After spending Sunday afternoon in Peggy's Cove, we returned to Halifax and had a fabulous sushi dinner at the well-recommended Dharma Sushi. We spent our last night in Halifax, and in the morning after coffee and some sort of baked item, we headed along the south shore to Lunenberg (the second UNESCO World Heritage site, after Peggy's Cove, on this trip). We had planned to take the ferry from Digby to Saint John, New Brunswick (at no small expense! ouch!) and had to make it in time for our reservation. The girls at the information counter in Lunenberg estimated a 2.5 to 3 hour transit west across the province, so we had no time to spare. I managed to snap some photos as we more-or-less rushed through town looking for lunch.
We passed through several picturesque towns along the way. This town was bedecked with bras. I don't know why, but I asked to stop to take a photo. It was funny because RJH was driving and I was on "Moose duty"* and had been requested to be explicit if I saw anything. I told RJH that my reflexes are good, but I can be quite literal when surprised. I told him about driving with my ex and saying excitedly, "Deer! Deer! Deer!" and then failing to comprehend that he heard "Dear! Dear! Dear!" I finally varied my tack somewhat and said, "Stag!" Once I was walking along a pier with JY and was concerned that our path would lead to an unpleasant experience when she stepped on a dead rat. So, we had this ridiculous conversation. "Dead rat." "Eh?" "Dead rat." "What? "DEAD RAT." "Oh. Why did you tell me? I would be happier not knowing. You could have just pulled me aside." So, RJH asked that I be descriptive. I joked that I was only any good at offering nouns. Sure enough, when we came around the bend and I saw an entire park bedecked in clotheslines full of garlands of bras, I said, "Bras!" So, we drove right by and I didn't get him to stop the car until later, but I did manage to get one of the lampposts with hanging bras.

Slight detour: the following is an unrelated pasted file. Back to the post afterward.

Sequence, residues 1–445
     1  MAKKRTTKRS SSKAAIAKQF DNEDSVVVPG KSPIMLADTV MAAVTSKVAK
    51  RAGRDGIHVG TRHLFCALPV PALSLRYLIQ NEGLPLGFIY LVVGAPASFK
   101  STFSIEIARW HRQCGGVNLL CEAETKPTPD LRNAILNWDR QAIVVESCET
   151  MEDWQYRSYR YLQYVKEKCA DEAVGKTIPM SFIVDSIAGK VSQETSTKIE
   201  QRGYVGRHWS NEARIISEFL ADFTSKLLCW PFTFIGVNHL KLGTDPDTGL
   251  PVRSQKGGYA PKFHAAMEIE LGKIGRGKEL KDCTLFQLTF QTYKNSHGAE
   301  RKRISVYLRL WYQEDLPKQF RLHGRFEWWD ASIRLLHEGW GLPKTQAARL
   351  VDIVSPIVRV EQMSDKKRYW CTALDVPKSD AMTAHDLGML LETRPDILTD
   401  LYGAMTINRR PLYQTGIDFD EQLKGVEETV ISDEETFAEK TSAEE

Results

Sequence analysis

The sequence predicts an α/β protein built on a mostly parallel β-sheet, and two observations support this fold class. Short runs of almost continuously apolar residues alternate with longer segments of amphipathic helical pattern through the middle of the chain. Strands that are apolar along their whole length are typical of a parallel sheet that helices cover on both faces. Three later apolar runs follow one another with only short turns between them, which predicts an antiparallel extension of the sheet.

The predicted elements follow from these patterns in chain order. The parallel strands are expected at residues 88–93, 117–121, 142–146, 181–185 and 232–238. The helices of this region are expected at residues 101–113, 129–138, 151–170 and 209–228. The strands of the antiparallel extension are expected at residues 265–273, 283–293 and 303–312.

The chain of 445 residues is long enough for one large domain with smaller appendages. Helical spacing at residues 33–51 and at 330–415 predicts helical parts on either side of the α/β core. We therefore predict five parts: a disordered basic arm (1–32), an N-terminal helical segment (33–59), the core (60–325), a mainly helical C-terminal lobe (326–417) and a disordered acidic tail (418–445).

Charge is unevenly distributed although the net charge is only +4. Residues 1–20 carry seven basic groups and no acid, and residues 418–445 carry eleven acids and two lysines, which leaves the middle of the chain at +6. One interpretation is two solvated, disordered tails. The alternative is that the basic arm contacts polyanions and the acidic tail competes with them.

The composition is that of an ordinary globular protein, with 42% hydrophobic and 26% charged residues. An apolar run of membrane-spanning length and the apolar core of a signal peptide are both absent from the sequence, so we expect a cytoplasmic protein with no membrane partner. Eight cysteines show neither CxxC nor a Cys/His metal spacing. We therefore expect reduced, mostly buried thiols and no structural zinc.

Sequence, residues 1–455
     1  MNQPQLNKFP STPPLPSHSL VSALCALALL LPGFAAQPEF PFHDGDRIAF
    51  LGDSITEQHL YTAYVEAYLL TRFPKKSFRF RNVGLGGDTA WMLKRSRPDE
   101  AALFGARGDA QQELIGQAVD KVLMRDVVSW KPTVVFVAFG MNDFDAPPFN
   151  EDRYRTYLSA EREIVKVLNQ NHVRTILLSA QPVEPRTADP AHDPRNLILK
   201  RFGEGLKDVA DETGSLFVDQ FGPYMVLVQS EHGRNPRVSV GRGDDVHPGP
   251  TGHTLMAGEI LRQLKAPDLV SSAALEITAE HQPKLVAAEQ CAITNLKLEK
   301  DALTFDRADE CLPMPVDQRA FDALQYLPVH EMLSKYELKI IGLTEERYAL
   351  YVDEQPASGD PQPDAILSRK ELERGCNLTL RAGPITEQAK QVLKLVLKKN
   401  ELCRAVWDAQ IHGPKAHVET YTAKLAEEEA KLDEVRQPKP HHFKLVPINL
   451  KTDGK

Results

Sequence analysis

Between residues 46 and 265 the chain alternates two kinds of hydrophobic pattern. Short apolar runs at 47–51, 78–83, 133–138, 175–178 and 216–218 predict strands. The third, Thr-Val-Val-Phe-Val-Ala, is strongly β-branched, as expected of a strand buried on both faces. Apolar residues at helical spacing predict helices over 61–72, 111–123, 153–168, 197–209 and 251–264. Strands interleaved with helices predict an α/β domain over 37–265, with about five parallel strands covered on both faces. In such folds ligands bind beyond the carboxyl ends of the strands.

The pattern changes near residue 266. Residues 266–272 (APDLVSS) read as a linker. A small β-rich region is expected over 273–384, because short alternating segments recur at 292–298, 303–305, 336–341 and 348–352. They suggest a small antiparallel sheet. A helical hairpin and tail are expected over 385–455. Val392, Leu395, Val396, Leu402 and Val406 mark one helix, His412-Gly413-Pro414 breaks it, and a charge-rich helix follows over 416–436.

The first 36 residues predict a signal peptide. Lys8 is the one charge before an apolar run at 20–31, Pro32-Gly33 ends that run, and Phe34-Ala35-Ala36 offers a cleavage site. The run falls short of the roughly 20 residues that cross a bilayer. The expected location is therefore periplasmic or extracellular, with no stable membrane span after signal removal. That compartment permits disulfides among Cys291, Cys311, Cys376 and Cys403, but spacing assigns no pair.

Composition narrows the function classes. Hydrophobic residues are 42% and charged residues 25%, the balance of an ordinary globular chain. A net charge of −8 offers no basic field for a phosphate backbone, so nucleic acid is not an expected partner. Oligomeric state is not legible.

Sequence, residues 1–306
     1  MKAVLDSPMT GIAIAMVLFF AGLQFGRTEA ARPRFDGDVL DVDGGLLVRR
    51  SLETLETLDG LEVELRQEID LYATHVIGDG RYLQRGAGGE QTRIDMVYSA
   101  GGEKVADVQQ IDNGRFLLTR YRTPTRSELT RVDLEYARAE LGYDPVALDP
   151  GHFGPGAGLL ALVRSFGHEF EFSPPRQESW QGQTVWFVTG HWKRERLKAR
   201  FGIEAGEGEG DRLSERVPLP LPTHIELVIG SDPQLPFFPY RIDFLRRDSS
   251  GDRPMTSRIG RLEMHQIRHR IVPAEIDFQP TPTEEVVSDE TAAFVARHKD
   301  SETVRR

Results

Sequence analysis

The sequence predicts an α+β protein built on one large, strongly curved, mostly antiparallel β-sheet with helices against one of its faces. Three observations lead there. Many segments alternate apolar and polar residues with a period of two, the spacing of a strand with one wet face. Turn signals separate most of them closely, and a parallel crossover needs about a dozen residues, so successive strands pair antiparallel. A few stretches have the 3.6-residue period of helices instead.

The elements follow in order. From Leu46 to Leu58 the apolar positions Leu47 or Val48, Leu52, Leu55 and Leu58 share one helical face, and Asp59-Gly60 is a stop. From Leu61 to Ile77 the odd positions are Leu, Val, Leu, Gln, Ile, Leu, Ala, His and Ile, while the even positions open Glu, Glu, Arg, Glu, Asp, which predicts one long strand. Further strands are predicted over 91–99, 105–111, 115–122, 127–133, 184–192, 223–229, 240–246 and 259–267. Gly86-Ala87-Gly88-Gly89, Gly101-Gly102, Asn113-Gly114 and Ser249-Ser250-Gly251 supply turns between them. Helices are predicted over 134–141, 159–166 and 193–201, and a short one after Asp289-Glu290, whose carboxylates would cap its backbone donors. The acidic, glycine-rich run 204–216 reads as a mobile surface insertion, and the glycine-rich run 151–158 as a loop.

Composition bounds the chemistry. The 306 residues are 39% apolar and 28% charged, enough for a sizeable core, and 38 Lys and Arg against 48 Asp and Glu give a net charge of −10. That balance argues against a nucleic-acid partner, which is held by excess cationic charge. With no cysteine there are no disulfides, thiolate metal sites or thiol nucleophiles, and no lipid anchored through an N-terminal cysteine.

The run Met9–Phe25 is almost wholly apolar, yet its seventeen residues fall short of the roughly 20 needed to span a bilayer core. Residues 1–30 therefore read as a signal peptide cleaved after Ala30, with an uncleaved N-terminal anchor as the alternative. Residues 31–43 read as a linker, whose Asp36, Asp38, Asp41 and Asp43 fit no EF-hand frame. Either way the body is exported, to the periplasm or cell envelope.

*I've spent enough time driving through northern Ontario to believe that moose are car killers, like mad, unpredictable, aggressive quarter-horses, with many antlers and little brain.